Ridge Road Resident said...

"Parking is the first impression made on visitors to the city, and I want it to be a good one," Hartley said.
What about the garbage business owners leave out on Main Street. That leaves a great impression! Isn't there something that can be done about this?

Anonymous said...

So were spending $1 million building a lot and 2 years later were going to dig it up to build a garage.

With the footings and earthquake design for a 5 story garage that entire lot will be dug up, once again..what a waste.

Anonymous said...

If my memory serves me, the Melilli parking project was approved earlier this year at about the same time that we were hiring Mr. Hartley. Why did the reconstruction of the Melilli lot get approved before a Director of Parking was hired and consulted?

It seems Mr Hartley has a well grounded plan for parking in our city. I hope the Common Counsel and our Mayor give his professional opinions some weight. However, that may mean they need to admit they may have jumped the gun on the Melilli decision. At least town hall will have bike racks.

Anonymous said...

What an eyesore that would be to our town.. traveling down RT 9 already is not all that pleasing to the eye. Lets just clog it up with more buildings.. More retail space??? there is tons of retail space being wasted on main street as warehouses and empty spaces...... how about sticking with the original plan and adding onto riverview center garage as opposed to clogging up the rt 66 corridor with 500+ more cars trying to get onto rt 9...

Jane said...

There was bond money that had to be spent, come hell or high water (or a new parking director.) A five story parking garage will dwarf the buildings on Main Street, not to mention City Hall and deKoven House. See downtown New Britain for an egregious example. Also see some excellent coverage in the Courant's "Place" section on how more parking did not create a more booming retail environment for Hartford. Maybe downtown needs more bike space and more handicapped-accessible parking, but I know that, in 36 years of living here, I have NEVER gone shopping elsewhere for lack of a parking space. I only shop elsewhere when I can't get what I need downtown.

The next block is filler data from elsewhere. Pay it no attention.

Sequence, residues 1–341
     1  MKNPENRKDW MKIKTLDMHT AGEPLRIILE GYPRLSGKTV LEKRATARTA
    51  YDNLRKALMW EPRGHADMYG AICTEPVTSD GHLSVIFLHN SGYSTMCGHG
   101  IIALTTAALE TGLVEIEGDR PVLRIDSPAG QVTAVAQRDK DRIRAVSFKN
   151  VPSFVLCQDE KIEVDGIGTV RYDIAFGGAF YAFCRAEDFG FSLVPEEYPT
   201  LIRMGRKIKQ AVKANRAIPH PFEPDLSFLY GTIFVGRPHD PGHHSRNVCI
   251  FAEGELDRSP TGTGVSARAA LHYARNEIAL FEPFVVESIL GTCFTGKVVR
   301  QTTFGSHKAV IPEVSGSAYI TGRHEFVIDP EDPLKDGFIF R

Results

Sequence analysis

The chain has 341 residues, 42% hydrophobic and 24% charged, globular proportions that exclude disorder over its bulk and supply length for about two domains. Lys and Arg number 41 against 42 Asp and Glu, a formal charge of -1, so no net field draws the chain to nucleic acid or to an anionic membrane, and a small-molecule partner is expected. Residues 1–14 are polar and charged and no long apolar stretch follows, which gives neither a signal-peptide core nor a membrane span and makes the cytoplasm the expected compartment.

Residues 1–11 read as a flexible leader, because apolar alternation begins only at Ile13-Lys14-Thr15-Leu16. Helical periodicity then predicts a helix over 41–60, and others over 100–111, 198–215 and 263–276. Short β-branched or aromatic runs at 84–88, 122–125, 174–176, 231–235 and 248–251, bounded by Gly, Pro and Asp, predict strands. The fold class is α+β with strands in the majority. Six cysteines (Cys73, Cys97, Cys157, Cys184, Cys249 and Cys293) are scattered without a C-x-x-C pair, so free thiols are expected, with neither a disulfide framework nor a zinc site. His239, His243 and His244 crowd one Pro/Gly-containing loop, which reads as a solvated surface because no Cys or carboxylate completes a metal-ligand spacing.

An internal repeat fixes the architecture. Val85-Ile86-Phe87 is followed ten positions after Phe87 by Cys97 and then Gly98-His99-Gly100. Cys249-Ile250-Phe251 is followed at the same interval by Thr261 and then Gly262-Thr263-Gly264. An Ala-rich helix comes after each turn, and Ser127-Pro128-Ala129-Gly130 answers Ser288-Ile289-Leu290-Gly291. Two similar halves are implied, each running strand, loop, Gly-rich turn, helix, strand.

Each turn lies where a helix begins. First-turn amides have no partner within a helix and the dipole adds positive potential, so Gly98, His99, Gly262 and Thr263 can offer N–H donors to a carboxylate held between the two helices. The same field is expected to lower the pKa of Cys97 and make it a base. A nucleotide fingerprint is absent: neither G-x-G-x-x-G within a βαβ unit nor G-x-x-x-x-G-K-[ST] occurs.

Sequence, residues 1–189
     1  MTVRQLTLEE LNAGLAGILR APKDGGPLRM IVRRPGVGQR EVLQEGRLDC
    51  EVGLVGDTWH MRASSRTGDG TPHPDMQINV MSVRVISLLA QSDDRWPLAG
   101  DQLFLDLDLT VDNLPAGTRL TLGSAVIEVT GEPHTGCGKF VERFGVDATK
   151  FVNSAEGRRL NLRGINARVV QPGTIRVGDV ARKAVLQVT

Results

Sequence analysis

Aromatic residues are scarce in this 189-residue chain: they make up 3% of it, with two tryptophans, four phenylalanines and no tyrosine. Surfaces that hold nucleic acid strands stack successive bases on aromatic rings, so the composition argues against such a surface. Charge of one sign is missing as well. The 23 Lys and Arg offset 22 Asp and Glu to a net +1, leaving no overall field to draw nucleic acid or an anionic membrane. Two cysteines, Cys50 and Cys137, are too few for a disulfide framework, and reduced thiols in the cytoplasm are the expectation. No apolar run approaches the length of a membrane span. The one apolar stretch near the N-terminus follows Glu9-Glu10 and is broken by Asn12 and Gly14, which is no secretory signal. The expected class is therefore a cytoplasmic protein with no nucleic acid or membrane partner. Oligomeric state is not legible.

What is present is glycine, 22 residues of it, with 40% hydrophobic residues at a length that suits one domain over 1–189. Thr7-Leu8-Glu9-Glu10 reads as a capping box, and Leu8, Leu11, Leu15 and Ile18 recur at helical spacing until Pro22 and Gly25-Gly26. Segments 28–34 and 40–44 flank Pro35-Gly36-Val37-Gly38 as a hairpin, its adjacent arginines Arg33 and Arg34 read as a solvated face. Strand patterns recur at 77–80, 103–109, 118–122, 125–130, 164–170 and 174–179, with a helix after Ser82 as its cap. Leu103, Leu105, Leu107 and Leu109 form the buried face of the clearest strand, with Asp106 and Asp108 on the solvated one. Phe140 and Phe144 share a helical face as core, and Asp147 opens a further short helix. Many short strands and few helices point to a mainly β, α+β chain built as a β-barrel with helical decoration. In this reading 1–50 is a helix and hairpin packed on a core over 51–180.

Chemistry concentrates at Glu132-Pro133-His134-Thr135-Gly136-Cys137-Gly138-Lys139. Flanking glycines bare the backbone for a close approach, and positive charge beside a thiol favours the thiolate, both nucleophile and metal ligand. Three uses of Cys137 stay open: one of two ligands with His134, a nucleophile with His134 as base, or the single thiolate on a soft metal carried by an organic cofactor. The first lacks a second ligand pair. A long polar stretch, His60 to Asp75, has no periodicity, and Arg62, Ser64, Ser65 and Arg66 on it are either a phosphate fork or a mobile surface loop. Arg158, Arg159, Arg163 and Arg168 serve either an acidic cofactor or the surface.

Anonymous said...

It has been some on the city council dream to build a monument to themselves, sounds like this is it. We have Middlesex Mut. parking garage the court house mess that no one parks in since they get mugged 200 feet away from the police station. We want to open up the city to the river and at the sametime build a huge structure to block the river view, sounds like Middletown,I liked the stupid electric tolley car to no-where much better

Anonymous said...

Anon 6:34 and Jane, I agree with you both wholeheartedly. One of the reasons I left New Britain was their utter lack of seeing the obvious. I hope Middletown isn't headed in that direction.

Disgusted Citizen said...

Parking is needed downtown if Middletown wants to flourish and draw more retail.
Doing nothing is what places like Meriden did. Look at their downtown now. Nothing like what Middletown has and yet some here want Middletown to limit growth.
Typical for those why think status quote is good enough.

Anonymous said...

There's over-aggressive and predatory ticketing happening on Main Street since the new parking czar. People will remember how unreasonable it felt to get a parking ticket in less than 3-minutes and they will just avoid downtown next time. A short term "significant increase in revenue" at what longer term cost to the city's image? Janice is right on....

martel said...

Anon 2:45, what do you consider to be "over-aggressive and predatory ticketing?" Clearly, 3 minutes after the meter expires is too quick for you, but what kind of grace period would be OK for you? 15 minutes? An hour? Whenever-you-get-back-to-your-car?

And please enlighten me: when the parking enforcement officer gets to your car and sees that you have overstayed your welcome, how exactly is he/she supposed to know how long ago that meter expired?

Anonymous said...

--The parking garage will only be a good idea if it is free parking, or the 2 hour free parking, as someone said. People can park in shopping centers for free. On the other hand, anuual maintenance will be a tax burden. We better fix up the store fronts, and the streetscape, so that there is a huge increase in visitors, or else it will be a poor return on the investment. Now the added traffic will create another issue. Very difficult situation, requiring study, but lets get to it.

Jane said...

I haven't parked in West Hartford center since they left me an $18.00 ticket for overstaying my welcome at a metered spot. I had spent about $100 on a restaurant meal and some shopping -- the $18 seemed like an unfair tax. These reactions may be visceral, not logical, but that's mostly how we make decisions.

Anonymous said...

Jane a meter for short term parking, frequent turn over. Middletown meter are the same way.